License
Show All Figures
getmorefigures.php?uid=PMC4595655&req=5

Figure 1: Example stimuli. A female fearful expression expressed at (left–right): low intensity (10%), moderate intensity (55%), and high intensity (90%). Reproduced from Gillespie et al. (2015).
Mentions: Ten different Caucasian models (five females) were selected from the NimStim Face Stimulus Set (Tottenham et al., 2009; http://www.macbrain.org/resources.htm). Each model conveyed a neutral expression, and each of the six basic emotions: anger, disgust, fear, happy, sad, and surprise. The models were selected on the basis of validity data that indicate a high mean proportion correct for the chosen expressions: neutral (M = 0.84, SD = 0.13), angry (M = 0.85, SD = 0.83), disgust (M = 0.85, SD = 0.13), fear (M = 0.84, SD = 0.13), happy (M = 0.85, SD = 0.13), sad (M = 0.85, SD = 0.13), surprised (M = 0.85, SD = 0.13). In order to manipulate the intensity of the emotional expressions, each expression was morphed from neutral to 100% expressive in 10 successive frames using the STOIK Morph Man software (http://www.stoik.com/products/video/STOIK-MorphMan/). This resulted in 10 morphed continua for each of the six expressions for the 10 selected models. For task purposes, three frames of varying intensity were selected for each expression; mild intensity (10% expressive); moderate intensity (55% expressive); high intensity (90% expressive). See Figure 1 for example stimuli. Thus, we had 18 faces across all expressions for each model, 180 faces in total.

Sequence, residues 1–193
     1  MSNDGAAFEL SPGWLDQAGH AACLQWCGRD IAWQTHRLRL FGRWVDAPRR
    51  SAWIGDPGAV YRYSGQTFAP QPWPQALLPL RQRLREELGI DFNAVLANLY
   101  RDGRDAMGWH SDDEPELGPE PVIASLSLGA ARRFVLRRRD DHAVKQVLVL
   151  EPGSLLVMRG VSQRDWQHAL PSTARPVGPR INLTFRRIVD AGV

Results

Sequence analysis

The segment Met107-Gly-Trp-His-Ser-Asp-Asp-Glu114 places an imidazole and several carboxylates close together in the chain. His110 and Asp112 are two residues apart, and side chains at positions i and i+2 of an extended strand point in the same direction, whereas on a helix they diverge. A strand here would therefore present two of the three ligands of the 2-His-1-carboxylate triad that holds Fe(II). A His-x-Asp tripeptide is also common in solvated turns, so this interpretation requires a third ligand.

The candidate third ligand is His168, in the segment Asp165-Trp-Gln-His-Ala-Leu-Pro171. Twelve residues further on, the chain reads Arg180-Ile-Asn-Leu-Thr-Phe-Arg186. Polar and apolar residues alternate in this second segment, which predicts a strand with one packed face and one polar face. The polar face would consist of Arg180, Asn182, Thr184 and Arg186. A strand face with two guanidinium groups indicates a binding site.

Bottom Line: Although reduced attention to the eyes has been noted among children with conduct problems and callous-unemotional traits, similar findings are yet to be found in relation to psychopathic traits among adult male participants.We found no relationship of primary or secondary psychopathic traits with recognition accuracy.These results are the first to show effects of psychopathic traits on attention to the eyes of emotional faces in an adult male sample, and may support amygdala based accounts of psychopathy.

View Article: PubMed Central - PubMed

Affiliation: School of Psychology, University of Birmingham Birmingham, UK.

ABSTRACT